The interesting rules allow you to place say a negative three onto a positive three and ‘bounce’ that latter card onto another granny, so a six point swing straight off on one granny and another receiving the plus three.  The opposite works too.  Then there are ‘golden granny’ cards with special abilities and that allow even bigger influences to happen.

Kicking off fairly tamely in the first few rounds we managed to put all five – there’s one more available than there are players – grannies into negative positions.  I then decided it was time to nail my colours to Grandma Kelly and played a useful golden card allowing me to add a card face down.  That was almost the end for her though as she was then picked on unmercifully.

The remaining grans weren’t fairing much better to be honest, one or two points only here and there.  I was feeling pretty good though, sitting confidently with a plus six golden granny and the chance to add another plus five to Grandma Kelly before that too, until, Charlotte played her own golden card and stole my six, life for my granny changed forever.

The final round saw a few positive cards going down as everyone attempted to boost their final scores.  And it was down to Scott, and his cosy Granny XXXX to take the game by a single point from me. 

Final Scores; Scott: +5, Neil: +4, Soren: -1, Charlotte: -2.

Glass Road

Rosenberg’s lighter release of 2013 got its first outing at the IBG this week, I’m pretty sure it’ll be back again frequently.  I’d had a two-player run through at home and offered to teach the game to Dan II, Gareth II and Dominic, thanks for your patience guys!

All players start with their land board, all having three starting buildings plus six forests, two quarries, two ponds and two shrubberies.  They also get two resource wheels, one for glass production, the other for brick. Finally, each get a hand of fifteen character cards which are also identical.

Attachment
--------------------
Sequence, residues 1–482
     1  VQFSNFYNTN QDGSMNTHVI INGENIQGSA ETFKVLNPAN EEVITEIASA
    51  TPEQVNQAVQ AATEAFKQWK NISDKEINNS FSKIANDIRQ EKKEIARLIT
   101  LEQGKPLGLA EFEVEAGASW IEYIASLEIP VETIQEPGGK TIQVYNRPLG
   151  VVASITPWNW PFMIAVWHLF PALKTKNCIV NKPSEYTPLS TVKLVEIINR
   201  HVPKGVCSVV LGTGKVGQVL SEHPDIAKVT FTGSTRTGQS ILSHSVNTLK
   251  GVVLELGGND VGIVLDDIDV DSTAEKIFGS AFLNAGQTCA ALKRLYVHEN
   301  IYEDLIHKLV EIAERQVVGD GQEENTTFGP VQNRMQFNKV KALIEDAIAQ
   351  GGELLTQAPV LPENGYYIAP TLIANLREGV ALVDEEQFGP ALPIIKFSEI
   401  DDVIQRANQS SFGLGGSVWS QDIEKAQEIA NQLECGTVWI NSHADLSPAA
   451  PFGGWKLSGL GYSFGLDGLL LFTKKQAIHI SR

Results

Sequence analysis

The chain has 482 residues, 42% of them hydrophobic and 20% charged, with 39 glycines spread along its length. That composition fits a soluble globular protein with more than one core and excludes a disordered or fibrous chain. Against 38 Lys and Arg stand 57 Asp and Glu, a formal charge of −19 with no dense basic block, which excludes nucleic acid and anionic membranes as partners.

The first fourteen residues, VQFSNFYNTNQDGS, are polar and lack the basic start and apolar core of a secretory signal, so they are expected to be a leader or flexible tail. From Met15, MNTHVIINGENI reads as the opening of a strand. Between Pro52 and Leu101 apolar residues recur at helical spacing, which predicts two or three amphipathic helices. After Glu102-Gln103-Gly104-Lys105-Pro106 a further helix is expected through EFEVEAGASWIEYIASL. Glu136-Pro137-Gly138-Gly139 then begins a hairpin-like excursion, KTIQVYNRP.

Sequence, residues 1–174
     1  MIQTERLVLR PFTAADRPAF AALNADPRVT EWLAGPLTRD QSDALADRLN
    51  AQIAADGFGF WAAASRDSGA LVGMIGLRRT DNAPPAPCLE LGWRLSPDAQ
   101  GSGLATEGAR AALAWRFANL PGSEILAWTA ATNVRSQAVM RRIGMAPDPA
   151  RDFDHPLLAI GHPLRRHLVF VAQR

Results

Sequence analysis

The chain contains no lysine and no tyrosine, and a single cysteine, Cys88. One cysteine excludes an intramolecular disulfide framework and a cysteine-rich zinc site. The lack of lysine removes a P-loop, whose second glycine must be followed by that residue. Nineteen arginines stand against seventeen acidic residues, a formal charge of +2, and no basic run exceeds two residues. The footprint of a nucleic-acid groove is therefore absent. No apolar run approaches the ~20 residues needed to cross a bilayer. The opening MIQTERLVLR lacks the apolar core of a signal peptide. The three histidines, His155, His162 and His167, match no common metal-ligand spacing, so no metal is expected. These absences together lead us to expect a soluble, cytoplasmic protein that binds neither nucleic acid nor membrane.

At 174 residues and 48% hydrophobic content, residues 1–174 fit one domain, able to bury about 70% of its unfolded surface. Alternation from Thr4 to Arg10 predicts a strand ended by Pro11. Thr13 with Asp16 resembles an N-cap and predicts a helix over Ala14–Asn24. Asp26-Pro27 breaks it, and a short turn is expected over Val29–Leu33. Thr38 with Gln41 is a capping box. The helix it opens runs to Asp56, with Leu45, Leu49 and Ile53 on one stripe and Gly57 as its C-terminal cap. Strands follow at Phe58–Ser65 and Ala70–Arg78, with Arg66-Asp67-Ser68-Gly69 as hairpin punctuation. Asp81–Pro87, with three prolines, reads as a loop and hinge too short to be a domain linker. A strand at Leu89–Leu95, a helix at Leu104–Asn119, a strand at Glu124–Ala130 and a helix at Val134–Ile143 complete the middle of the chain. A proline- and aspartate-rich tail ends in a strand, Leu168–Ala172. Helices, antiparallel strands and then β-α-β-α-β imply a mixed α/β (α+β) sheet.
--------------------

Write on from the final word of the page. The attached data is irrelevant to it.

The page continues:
During a round – and there are only four – each player chooses five of his fifteen cards to play. They next select one of these to play in the first of three turns, it’s placed face down in front of them. Cards are then revealed in order, any opponent who has a matching character card in their hand has to reveal this, both/all then take either of the two actions associated with the card. If the original player is lucky and no one has matched his card he gets to take both actions. And that’s all there is to it.

Except for your choices of course… not only are you thinking which five cards to choose of the fifteen each round, you have to decide which order to play them in, and which you may be able to get an extra action on through someone else choosing that card. You then have to opt for one or other of the actions unless you’re lucky enough to get both.

And then each action is, naturally, packed with further options. Which resources do you want, and when are you going to have to convert them into glass or bricks, and what are the consequences of that? You may want to undertake some deforestation, or close a quarry, fill in a pond, or even de-shrub, all to make room for buildings. Ah, the buildings. There are eighty-nine of ‘em, you’ll have a choice of at least twelve, and they all help in one way or another. Basically split into three categories: first, buildings that convert one resource into more of another; second, those that provide a one-time lump; third, those that produce victory points at the end of those four rounds.

Amazingly, especially if you’ve suffered my rules explanations before, we hardly referred to the rule book at all, despite the choices the rules are very clear and straight forward, hurrah! We did take some time however, to read all the buildings, and then to work out what combination of cards you’d need to play, and in which order, and to second guess how many actions you might actually get. That’s some thinking time. Whilst a tiny bit guilty myself, Dan and Gareth took their time to consider every possible alternative. Only to have their required double actions slimmed down to one more often than not.

To be honest I can’t remember who did what other than Dan was collecting ponds, or was that quarries? The latter I think, and he had amassed so many that victory was his by miles, impressive. We all managed to waste a few actions but they’ll be sorted out next time. And once you realise how quickly the game is over, and that you’re not going to build that many buildings, no doubt the problem-solving time will diminish too.